Going that last mile

The Expert Eye
Although the costs of such processes as inventory supplies and storage, order picking, added-value services and returns management may appear to be key in logistics, it is the last-mile that induces headaches, as it accounts for 50 pct or more of all supply chain spend

How can such costs be optimised without losing the interest of customers? One of the options is to offer deliveries to parcel lockers – a service that is not only less expensive, but also more sustainable.

Deliveries to parcel lockers are the preferred method throughout Poland. The Polish market is truly unique in Europe in this respect. According to Gemius’ ‘E-Commerce in Poland 2021’ report, as many as 77 pct of online shoppers favour this type of delivery, which represents a 16 pp increase on the 2020 figures. Courier deliveries to home and business addresses are the second most popular (50 pct).

Deliveries to parcel lockers are now an incentive to order goods for as many as 81 pct of online shoppers in Poland. For obvious reasons, we do not always have time to wait for a courier to arrive at home. Receiving a parcel at work is not always an option either. And on top of that, it is often difficult to contact a courier by phone to reschedule the delivery. For some of us, courier delivery probably sometimes means that we have to drive out to somewhere deep in the suburbs to pick up a parcel from an urban depot. This explains why parcel lockers have become the no. 1 option when it comes to pick-up points in Poland.

Sustainable growth

There can be no denying that the exponential growth in the popularity of parcel lockers in our market is being driven by sustainability and environmental care. According to InPost, the largest provider of locker services in Poland, as many as 37 pct of those it surveyed walk to parcel lockers. In addition, 61 pct of InPost’s users will access parcel lockers only when engaged in other errands. Furthermore, 93 pct of respondents do not have to walk extra miles or drive more than 5 km to a pick-up point.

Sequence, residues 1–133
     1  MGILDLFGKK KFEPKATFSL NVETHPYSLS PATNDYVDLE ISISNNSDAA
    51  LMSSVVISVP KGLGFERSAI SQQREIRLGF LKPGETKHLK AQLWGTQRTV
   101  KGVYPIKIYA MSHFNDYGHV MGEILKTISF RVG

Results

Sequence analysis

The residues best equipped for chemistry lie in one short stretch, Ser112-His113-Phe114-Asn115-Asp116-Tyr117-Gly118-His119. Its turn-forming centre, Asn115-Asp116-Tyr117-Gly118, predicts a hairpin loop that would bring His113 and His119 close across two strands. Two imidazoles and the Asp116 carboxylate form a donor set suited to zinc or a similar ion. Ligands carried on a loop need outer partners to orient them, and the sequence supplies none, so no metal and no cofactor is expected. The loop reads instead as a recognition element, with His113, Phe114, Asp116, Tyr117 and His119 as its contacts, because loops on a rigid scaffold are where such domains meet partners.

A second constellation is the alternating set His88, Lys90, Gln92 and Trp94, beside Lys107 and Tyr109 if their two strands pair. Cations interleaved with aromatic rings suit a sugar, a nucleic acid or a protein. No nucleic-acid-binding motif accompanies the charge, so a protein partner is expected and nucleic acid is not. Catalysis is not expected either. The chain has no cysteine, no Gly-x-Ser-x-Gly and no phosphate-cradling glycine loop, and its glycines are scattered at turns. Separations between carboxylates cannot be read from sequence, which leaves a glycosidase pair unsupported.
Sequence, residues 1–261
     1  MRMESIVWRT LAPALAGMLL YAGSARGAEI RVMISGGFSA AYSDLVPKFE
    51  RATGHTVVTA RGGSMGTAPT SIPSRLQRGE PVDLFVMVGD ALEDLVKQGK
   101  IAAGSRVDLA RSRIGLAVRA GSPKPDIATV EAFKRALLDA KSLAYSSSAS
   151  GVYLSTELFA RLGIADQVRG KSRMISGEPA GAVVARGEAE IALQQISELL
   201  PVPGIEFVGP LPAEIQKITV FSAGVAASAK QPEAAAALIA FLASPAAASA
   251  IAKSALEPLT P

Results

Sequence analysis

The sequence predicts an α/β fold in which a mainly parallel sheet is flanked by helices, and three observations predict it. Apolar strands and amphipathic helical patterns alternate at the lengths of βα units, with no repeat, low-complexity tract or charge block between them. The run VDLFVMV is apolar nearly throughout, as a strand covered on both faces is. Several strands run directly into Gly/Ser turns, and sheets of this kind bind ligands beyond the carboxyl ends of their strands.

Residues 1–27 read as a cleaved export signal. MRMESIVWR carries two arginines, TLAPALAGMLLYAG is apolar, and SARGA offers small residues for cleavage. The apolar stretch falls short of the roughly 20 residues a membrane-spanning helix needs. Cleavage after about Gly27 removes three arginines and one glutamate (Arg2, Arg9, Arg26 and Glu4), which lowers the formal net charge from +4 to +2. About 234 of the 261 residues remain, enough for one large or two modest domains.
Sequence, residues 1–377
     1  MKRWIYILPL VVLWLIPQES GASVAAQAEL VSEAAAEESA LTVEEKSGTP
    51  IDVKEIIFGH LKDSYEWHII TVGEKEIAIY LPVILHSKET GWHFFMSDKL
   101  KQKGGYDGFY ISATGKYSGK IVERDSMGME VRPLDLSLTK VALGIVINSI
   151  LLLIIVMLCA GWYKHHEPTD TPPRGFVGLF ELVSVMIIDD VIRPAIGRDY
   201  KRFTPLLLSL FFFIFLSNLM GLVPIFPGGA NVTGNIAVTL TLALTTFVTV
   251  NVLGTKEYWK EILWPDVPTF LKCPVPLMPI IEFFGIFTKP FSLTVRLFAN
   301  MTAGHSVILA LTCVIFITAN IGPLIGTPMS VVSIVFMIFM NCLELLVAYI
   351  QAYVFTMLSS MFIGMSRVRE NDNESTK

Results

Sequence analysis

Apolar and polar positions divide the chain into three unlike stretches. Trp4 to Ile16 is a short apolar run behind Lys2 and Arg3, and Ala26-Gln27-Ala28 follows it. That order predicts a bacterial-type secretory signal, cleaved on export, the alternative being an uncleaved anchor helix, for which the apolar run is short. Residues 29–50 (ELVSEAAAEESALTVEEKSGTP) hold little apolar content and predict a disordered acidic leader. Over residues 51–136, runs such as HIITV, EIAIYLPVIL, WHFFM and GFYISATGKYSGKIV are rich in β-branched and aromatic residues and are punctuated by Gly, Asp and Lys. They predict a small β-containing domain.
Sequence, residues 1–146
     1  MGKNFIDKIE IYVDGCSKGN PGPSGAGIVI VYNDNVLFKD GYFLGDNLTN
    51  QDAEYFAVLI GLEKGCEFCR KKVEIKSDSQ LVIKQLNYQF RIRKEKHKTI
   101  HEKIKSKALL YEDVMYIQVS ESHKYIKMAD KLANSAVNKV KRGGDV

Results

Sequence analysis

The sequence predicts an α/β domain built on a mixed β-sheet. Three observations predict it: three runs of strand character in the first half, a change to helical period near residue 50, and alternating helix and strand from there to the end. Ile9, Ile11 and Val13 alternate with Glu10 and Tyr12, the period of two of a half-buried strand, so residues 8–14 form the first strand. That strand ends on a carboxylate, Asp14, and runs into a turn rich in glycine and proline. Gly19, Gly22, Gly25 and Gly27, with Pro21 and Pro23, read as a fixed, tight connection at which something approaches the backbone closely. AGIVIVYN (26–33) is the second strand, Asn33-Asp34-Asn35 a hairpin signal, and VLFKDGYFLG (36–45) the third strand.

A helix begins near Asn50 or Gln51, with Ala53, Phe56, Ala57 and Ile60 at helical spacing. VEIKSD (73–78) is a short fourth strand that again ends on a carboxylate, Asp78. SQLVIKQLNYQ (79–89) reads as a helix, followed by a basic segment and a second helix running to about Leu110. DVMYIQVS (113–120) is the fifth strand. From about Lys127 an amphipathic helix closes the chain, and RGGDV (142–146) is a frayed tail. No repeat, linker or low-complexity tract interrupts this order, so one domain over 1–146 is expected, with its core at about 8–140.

According to the ‘Green Last Mile Logistics 2022’ report by Last Mile Partners, a single parcel locker cuts carbon dioxide emissions by over 13 tonnes per annum, the equivalent of the amount absorbed by almost 3,000 trees.

With now close to 20,000 parcel lockers throughout the country, Poland is the largest market in Europe. InPost is by far the biggest market player with 16,500 parcel lockers. There are also many lockers in smaller towns, making the service more easily accessible. In addition, InDoor parcel lockers have recently begun to be appear in shopping centres, the staircases of residential blocks and ground floor units.